In terms of effective fire range and reach in height, the marine 37-mm gun was seriously superior to land anti-aircraft guns of the same caliber, but the 37x380R shot was not interchangeable with 37-mm anti-tank, anti-aircraft and aviation guns. According to German data, at a range of 2000 m in accuracy of 3,7 cm SK C / 30 was twice as high as the towed anti-aircraft gun 3,7 cm Flak 18.

The paired anti-aircraft gun 3,7 cm SK C / 30 paradoxically combined the most advanced design ideas with frankly archaic technical solutions. So, in the middle of the 30's, the Germans became pioneers by installing an 37-mm marine bridge on a platform stabilized in three planes. The twin stabilized anti-aircraft gun received the designation Dopp.LC/30 (German Doppellafette C / 30 - Two-gun carriage of the 30 model of the year). With a total mass of 3670 kg, almost 20% of the unit weight (630 kg) was the weight of the stabilization power drives, which could compensate for the slope from the ship’s rolling and pitching motion within +/- 19,5 °. Corners of vertical guidance: from -9 ° to + 85 °, and in the horizontal plane circular firing was provided. The twin implements had a hydraulic anti-recoil mechanism and a spring-mounted nakatnik. The paired 37-mm anti-aircraft guns initially did not have any armor, not counting the 14-20 mm steel “breastwork” on cruisers and battleships. However, since 1942, these installations have been equipped with 8-mm armored steel shields.


Charging an 37-mm Dopp.LC/30 twinned anti-aircraft gun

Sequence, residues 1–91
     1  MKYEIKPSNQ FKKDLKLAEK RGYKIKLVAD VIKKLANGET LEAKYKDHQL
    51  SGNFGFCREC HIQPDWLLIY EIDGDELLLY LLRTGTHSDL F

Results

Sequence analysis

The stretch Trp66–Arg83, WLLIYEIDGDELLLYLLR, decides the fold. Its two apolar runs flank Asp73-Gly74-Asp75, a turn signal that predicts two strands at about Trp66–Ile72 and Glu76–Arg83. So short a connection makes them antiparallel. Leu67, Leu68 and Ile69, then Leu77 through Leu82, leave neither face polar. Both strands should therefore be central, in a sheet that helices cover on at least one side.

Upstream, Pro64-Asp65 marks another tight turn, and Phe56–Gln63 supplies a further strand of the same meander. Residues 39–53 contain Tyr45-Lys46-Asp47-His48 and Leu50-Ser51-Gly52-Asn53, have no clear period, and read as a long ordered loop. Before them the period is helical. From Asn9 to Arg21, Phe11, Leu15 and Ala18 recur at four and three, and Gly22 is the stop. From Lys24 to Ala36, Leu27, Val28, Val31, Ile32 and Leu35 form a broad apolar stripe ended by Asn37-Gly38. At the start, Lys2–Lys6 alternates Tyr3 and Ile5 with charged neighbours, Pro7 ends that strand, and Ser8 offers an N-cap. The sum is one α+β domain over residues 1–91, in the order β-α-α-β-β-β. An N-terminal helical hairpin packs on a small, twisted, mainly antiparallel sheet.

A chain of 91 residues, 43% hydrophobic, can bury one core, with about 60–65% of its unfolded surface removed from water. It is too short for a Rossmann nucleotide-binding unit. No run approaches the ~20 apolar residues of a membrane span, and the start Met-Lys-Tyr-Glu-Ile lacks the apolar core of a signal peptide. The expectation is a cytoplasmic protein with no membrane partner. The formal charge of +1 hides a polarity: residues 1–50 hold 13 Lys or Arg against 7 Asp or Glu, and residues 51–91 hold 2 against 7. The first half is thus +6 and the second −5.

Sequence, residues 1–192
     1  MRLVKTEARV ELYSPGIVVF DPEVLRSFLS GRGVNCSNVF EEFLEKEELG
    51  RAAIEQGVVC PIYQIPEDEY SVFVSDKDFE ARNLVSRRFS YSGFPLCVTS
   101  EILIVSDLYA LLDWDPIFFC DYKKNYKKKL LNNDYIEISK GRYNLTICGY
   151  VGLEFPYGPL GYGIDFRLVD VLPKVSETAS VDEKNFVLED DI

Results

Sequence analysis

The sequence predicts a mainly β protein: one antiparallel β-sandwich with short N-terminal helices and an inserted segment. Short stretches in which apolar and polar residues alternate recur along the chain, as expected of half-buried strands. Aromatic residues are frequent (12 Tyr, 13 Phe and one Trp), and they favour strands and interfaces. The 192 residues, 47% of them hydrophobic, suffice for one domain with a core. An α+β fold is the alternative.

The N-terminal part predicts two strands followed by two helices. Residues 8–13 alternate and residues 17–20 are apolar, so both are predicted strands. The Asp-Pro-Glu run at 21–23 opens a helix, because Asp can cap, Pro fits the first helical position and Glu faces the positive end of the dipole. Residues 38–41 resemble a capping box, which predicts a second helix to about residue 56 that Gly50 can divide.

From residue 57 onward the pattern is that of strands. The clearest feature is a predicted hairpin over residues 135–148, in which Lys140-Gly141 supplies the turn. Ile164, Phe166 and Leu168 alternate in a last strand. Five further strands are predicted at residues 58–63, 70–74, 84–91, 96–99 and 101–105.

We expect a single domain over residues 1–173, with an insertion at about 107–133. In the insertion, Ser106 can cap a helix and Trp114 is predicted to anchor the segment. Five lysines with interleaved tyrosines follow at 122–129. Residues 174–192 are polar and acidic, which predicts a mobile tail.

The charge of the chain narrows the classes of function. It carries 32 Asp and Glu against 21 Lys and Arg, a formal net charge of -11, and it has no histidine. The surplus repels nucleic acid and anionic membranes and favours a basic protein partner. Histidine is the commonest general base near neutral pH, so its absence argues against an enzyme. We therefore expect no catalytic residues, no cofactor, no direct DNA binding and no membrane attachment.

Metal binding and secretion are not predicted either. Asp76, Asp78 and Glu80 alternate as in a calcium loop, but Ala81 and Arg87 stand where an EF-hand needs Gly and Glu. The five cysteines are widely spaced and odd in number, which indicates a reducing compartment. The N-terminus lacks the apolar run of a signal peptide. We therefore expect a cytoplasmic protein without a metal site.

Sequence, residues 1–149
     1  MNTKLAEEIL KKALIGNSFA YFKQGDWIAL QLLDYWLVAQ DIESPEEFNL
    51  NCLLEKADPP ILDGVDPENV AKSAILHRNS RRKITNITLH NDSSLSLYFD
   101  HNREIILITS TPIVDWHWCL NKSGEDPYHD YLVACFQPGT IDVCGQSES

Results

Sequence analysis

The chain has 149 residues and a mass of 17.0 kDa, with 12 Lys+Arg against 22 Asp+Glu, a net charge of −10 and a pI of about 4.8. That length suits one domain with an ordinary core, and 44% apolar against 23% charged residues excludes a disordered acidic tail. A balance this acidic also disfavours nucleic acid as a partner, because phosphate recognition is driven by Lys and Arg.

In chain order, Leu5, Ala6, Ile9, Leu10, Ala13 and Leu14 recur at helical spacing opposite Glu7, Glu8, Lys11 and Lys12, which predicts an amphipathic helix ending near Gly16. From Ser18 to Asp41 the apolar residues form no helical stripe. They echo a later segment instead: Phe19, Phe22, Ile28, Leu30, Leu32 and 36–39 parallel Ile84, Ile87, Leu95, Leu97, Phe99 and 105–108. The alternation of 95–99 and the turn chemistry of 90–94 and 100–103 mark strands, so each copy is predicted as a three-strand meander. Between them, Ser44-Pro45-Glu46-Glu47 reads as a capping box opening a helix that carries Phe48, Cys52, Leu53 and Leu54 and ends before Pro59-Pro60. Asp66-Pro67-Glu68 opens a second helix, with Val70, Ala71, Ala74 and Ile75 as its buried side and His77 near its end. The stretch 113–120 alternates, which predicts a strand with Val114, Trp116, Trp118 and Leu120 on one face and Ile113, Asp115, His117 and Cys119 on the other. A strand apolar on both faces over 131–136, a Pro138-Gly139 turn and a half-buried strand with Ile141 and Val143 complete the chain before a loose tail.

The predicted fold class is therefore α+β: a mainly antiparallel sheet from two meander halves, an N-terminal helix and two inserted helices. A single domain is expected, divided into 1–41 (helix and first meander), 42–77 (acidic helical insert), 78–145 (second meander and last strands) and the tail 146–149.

Although the German Navy Spark surpassed all 37-37-mm ship and land anti-aircraft guns existing at that time in accuracy of shooting the 40-mm, it had a semi-automatic vertical sliding wedge gate with manual loading of each shot. At the same time, the practical rate of fire of the paired anti-aircraft gun directly depended on the level of fitness of the calculation and in most cases did not exceed 60 rpm, which was almost two times less than that of the ground 3,7 cm Flak 18 anti-aircraft gun. Despite this, the twin 37-mm unit was manufactured in large series, was widely used in the German fleet and was used on most German class warships from destroyers and above. The destroyers carried such systems on 2, on light cruisers there were 4 sparks, on heavy cruisers on 6, on battleships there were 8 paired installations. Very often they were placed on large mobilized ships of the merchant fleet that were used for military transport. The production of 3,7 cm SK C / 30 was completed in 1942 year, about 1600 single and twin guns were produced.